In poll-bound Tamil Nadu, biryani is the flavour of the season | assembly-elections | Hindustan Times
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In poll-bound Tamil Nadu, biryani is the flavour of the season

With the poll season in full swing in Tamil Nadu, biryani, mostly of chicken and mutton, has become a common sight in a majority of local political meets and election rallies

Tamil Nadu 2016 Updated: May 06, 2016 08:16 IST
Aditya Iyer
With the poll season in full swing in the southern state, biryani, mostly of chicken and mutton, has become a common sight in a majority of local political meets and election rallies
With the poll season in full swing in the southern state, biryani, mostly of chicken and mutton, has become a common sight in a majority of local political meets and election rallies(HT Illustration/Jayanto)

What separates a political rally from any other crowd? Some signs are obvious — party flags all around, the ubiquitous white vans from which candidates address the people and supporters raising slogans at the top of their voice.

But in Tamil Nadu, there is just one more giveaway: The aroma of biryani.

With the poll season in full swing in the southern state, biryani, mostly of chicken and mutton, has become a common sight in a majority of local political meets and election rallies. Packets of 1 kg and 500 gm of the delicacy are distributed among the crowds with promises and implorations to vote for a particular party.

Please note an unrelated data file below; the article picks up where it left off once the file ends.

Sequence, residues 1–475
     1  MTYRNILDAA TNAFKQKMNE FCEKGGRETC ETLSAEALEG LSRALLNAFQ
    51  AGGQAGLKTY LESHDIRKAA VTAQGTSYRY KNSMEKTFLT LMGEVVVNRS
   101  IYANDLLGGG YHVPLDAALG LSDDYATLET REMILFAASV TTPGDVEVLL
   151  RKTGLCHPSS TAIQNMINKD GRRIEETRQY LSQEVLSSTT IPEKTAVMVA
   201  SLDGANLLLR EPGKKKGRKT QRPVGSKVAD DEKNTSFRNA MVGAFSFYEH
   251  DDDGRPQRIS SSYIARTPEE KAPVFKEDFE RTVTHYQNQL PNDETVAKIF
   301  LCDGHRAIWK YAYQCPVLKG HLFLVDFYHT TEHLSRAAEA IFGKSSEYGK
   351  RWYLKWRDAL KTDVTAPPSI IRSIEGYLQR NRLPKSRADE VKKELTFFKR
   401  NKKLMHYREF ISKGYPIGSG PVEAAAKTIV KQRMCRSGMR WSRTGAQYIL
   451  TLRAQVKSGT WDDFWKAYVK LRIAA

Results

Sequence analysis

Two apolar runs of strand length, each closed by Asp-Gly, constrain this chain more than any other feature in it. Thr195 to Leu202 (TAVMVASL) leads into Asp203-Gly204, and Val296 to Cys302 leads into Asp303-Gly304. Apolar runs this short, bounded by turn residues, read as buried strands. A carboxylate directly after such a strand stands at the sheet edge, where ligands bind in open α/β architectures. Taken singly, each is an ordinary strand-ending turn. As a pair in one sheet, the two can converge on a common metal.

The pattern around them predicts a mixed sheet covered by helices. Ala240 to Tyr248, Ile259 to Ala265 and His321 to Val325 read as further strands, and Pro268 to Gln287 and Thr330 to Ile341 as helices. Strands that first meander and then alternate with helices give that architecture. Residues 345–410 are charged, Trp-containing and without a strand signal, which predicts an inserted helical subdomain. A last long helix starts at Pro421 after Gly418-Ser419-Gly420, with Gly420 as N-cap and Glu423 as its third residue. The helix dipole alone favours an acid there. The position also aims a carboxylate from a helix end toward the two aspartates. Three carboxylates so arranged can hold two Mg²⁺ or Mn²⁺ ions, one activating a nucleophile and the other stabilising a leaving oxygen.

“For 1,000 kg of biryani, we can get anywhere from Rs 80,000 for chicken to Rs 1 lakh for mutton,” says Qasim, a caterer.

But why has biryani become so popular when a food staple like yoghurt rice would make more sense in the blazing heat? Well, a lot of it boils down to the taste.

“No one is going to come outside to listen to you if you just give them curd-rice,” grins Karthik S, the 45-year-old manager of SS Biryani in Valluvar Kottam High Road.

“It’s also far easier to eat,” Karthik says, adding, “For example, how can you mix sambar and pickle while standing under the sun?”

Hafeez, owner of Habib Biryani, says. “It is cheap and easy to distribute.”

Some caterers, however, have decided that dealing with politicians isn’t worth the hassle. “They always start dilly-dallying when it comes to paying,” says Anil, who has been running Khaled Biryani in Valluvar Kottam for more than a decade. “CPI, CPI (M), DMK — it doesn’t matter, they never pay up in time,” he rues.

“The worst part is that a local party worker will place the order, but when it comes to payment they will say, ‘ask Jayalalithaa for it’!” he laughs.